For example, while replication of the experiment with consistent results is foundational to proper scientific methodology, such replication is frequently impossible in psychology. If a research psychologist wants to study the effect of violent kidnapping on a child’s emotional stability and sense of security, social ethics preclude him or her from designing experiments where target children are violently kidnapped in large number to provide a large database for evaluation. The researcher is limited to working with data accumulated from actual kidnapping cases, which introduces other variables. No two actual kidnapping cases occur in the exact same framework, with the exact same kinds of violence, perpetrated by the exact same kinds of people who relate to their victims in exactly the same way.

Another reason why the scientific method is compromised when applied in psychology pertains to the intangible nature of the subject matter. While the scientific method is the tool of choice for learning about material reality, it is far less useful for learning about immaterial reality. “Love,” for example, is an intangible attribute and is difficult to test empirically, although a love letter or bouquet of roses might give some indication.

Because much of psychology relates to intangibles such as trust, decision-making, responsibility, moral values, and the like, the scientific method is limited in what it can discover. A research psychologist can study the tangible effects of intangibles — such as incidents of honesty as an effect of commitment to moral values — but he or she cannot study the intangible commitment to moral values itself.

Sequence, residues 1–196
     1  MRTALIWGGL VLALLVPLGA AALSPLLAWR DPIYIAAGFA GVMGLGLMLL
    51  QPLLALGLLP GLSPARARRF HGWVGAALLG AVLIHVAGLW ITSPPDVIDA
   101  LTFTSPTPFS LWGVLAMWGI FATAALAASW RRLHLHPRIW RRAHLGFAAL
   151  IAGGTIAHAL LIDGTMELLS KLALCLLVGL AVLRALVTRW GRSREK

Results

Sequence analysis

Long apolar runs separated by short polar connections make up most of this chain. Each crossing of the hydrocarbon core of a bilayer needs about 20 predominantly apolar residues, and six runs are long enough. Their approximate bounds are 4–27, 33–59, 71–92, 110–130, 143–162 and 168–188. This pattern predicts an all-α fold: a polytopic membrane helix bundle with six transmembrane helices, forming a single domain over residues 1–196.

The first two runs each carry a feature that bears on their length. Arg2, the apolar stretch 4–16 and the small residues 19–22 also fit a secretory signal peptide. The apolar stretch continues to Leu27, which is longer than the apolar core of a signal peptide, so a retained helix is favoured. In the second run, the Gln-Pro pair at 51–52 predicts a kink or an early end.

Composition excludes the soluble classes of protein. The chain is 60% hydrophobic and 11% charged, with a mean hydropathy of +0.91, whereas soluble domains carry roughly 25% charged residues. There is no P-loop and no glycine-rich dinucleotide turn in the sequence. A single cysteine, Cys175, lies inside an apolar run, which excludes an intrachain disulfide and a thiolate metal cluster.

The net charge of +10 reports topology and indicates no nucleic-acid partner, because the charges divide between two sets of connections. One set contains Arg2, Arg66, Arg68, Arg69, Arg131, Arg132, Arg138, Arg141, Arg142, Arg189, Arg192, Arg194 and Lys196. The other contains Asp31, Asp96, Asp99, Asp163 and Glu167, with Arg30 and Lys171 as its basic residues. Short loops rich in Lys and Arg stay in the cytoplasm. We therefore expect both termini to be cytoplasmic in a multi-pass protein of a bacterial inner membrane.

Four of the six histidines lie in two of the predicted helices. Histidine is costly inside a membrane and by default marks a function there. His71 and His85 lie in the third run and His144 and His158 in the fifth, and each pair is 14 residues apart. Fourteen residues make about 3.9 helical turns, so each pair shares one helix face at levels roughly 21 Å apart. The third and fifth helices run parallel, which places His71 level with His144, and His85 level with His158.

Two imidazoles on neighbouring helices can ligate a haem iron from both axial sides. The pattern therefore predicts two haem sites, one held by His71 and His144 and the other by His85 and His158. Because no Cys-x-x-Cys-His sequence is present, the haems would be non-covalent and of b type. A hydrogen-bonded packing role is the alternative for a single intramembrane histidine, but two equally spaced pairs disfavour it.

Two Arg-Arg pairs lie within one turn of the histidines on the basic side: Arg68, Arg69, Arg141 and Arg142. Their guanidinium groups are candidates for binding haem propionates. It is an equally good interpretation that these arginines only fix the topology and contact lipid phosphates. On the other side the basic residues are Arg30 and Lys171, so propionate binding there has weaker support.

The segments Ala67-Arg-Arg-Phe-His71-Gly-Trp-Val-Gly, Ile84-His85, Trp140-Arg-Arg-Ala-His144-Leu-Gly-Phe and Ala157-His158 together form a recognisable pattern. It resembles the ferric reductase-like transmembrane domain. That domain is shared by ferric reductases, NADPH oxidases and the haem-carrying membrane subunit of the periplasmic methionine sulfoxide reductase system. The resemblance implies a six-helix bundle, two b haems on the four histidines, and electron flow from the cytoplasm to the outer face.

This intangibility also makes it much more difficult to prove the causes of behavior empirically and univocally (i.e., to prove that only one explanation of the behavior is plausible). To return to our love-demonstrated-by-love-letters-and-flowers example, one cannot prove that these actions come from a love commitment. Perhaps the letter-writing flower buyer is actually tricking the object of his attention into believing she is loved so that the schemer can marry her and gain access to her sizable fortune. Or perhaps the letter-writing flower buyer is consumed by feelings of inadequacy and is incapable of a true love relationship, but he so craves the love and attention of another that he will go to great lengths to persuade someone to love him. The hypothetical causes of these actions are multiple, and the best scientific method will still have problems identifying a genuine intangible cause.